Middle East In Focus
The Lebanese parliament has approved the formation of a new government a full nine months since voters went to the polls. The government will be led by the leader of the Sunni block in parliament (and current prime minister), Saad Hariri, who now will have to contend with an emboldened Hezbollah. The new government has been welcomed by Iran, but the Israeli government dismissed the news as yet another extension of Iranian influence in the region. For most observers, however, the main question remains whether Mr. Hariri and his ministers will be able to deliver economic reform to a country in desperate need of economic growth. The alternatives seem to be a status quo propped up by international aid, or failure and violence.
In a brief statement published by the Iranian daily Tehran Times, the Iranian government sounded an optimistic and unifying note, though, considering Iran’s long history of interference in Lebanese politics, it may not be entirely genuine: “‘The Islamic Republic of Iran congratulates the Lebanese government and nation on the formation of new government, which was an outcome of sympathy and understanding among all Lebanese groups and clans’, Foreign Ministry spokesman Bahram Qassemi said on Thursday. This success ‘shows the will of a nation and its leaders to shape their future within the framework of independence and without any foreign pressure’, he added, according to the Foreign Ministry website.”
According to the Jerusalem Post, however, Israel’s prime minister was quick to assert that the new Lebanese government remained under the control of Iran so long as Hezbollah has an important role to play in it: “Iran controls Lebanon, Prime Minister Benjamin Netanyahu said on Sunday, two days after Lebanon formed a new national unity government with Hezbollah getting the influential health ministry.... ‘Iran has many branches’, Netanyahu said. ‘One of them is Hezbollah that has now joined Lebanon’s government. This is actually misleading; Hezbollah essentially controls the government of Lebanon, which means that Iran controls the Lebanese government.’"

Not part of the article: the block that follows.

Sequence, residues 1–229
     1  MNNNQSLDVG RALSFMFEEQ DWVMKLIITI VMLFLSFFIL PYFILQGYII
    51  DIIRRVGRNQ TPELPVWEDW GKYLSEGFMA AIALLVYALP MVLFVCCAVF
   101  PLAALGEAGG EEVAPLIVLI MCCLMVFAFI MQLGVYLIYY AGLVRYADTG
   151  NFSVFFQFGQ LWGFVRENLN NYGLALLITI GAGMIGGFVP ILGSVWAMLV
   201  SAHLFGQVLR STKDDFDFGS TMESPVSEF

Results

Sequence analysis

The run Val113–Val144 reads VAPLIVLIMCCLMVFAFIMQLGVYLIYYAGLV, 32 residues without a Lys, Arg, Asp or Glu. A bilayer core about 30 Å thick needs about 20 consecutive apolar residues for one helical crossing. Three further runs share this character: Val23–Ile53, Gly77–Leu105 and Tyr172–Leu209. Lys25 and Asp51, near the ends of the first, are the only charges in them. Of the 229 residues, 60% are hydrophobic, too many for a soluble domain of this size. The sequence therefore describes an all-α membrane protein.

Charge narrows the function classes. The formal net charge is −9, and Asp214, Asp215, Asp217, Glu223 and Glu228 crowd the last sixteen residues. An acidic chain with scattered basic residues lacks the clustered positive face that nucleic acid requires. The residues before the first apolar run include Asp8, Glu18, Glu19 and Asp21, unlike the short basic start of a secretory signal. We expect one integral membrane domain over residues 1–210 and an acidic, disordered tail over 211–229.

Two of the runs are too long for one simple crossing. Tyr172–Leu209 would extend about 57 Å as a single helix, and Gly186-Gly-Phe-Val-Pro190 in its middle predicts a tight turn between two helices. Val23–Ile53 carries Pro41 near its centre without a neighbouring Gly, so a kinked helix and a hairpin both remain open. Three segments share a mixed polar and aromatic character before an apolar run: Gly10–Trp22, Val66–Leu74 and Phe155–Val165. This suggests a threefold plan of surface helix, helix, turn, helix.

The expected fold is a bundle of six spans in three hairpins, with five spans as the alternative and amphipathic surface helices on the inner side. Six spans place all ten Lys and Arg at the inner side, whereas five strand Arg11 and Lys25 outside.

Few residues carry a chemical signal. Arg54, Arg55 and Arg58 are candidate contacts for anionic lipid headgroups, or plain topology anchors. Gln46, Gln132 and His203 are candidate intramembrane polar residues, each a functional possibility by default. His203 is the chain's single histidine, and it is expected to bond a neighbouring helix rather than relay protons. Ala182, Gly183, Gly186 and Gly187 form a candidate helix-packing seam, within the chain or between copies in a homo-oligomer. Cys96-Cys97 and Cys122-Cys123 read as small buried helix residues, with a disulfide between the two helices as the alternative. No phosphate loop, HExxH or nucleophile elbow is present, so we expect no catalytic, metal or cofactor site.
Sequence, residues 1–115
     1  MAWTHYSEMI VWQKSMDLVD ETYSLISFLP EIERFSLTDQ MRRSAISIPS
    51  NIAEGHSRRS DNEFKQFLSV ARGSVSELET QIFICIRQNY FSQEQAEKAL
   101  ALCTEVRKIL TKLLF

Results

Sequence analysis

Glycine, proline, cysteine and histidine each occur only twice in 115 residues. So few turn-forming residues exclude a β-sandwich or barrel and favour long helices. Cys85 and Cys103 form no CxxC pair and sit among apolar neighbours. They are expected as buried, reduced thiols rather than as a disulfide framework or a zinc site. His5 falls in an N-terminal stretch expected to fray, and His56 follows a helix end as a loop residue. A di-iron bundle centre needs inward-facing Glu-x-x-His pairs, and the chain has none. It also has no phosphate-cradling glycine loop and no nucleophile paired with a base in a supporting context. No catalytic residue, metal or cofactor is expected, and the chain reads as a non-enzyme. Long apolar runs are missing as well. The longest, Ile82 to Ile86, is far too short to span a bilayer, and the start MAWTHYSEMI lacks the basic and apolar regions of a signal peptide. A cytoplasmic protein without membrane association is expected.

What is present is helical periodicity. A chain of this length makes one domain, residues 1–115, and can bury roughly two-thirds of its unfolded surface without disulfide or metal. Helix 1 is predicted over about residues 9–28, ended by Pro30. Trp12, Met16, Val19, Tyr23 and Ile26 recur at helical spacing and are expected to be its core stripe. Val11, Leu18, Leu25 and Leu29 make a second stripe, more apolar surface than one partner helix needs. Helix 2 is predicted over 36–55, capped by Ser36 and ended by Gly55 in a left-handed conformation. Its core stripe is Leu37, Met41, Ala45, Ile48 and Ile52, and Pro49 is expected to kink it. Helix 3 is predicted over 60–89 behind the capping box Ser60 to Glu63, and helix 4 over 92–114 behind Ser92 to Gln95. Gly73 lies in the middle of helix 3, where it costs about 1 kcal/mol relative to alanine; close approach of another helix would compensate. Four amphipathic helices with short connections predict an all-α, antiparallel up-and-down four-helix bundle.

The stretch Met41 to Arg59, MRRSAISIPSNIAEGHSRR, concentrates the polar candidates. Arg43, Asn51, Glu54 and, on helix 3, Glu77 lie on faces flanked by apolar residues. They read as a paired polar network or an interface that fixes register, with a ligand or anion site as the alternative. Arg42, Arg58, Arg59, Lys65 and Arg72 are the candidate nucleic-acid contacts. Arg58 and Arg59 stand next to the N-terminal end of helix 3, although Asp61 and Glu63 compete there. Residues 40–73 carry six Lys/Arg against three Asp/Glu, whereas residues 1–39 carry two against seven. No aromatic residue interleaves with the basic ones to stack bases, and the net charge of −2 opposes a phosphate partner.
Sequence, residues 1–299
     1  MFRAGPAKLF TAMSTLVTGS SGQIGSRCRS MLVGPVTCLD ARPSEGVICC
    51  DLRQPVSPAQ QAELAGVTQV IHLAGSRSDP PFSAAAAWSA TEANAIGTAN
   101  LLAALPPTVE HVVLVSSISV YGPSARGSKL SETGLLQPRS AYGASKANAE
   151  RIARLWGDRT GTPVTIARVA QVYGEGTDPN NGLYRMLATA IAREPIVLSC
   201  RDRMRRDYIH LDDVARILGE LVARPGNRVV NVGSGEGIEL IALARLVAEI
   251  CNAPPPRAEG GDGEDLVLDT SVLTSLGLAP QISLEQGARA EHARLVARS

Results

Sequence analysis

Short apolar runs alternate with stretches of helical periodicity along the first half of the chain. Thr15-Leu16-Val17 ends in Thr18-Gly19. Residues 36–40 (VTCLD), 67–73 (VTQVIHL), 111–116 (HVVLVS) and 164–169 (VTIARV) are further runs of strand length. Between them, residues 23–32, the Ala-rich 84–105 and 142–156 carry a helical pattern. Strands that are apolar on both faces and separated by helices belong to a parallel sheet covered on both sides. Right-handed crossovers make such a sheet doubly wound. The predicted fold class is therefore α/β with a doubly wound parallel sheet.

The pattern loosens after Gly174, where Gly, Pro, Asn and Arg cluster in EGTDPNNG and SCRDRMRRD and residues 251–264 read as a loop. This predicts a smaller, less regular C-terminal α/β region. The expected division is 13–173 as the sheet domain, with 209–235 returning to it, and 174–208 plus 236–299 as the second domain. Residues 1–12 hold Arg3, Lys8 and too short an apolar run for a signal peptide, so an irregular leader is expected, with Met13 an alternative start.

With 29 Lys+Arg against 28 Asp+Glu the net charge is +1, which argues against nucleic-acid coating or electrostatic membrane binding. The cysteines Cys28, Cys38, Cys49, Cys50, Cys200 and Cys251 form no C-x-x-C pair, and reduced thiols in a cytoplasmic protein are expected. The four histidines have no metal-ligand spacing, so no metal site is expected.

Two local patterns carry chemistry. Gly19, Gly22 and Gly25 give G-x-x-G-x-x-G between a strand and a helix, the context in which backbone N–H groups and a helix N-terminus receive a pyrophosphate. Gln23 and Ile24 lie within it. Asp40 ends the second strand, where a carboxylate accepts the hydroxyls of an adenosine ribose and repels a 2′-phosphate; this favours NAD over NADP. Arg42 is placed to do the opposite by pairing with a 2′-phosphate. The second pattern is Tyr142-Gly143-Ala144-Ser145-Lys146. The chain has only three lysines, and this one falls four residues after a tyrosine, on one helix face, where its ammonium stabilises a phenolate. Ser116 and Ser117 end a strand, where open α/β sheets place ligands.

The National’s Raghida Dergham sees the formation of the new government as an important step forward in avoiding “economic collapse,” as well as — perhaps — preventing Lebanon suffering a proxy war between Israel and Iran: “The long-awaited formation of a Lebanese government could be an indication that there is an international consensus to stop Lebanon from becoming a fully-fledged failed state, and to block attempts to turn it into an active military arena for either Iran or Israel.... But corruption and under-the-table deals between Lebanon’s political players have made a mockery of the country’s institutions and caused financial hardship to Lebanese citizens. Political accords and vague promises of reform are therefore not enough to rescue Lebanon from economic collapse. The fate of Lebanon is in the hands of its rulers, leaders and ministers, not just at the whims of international and regional accords, as some would have us believe.”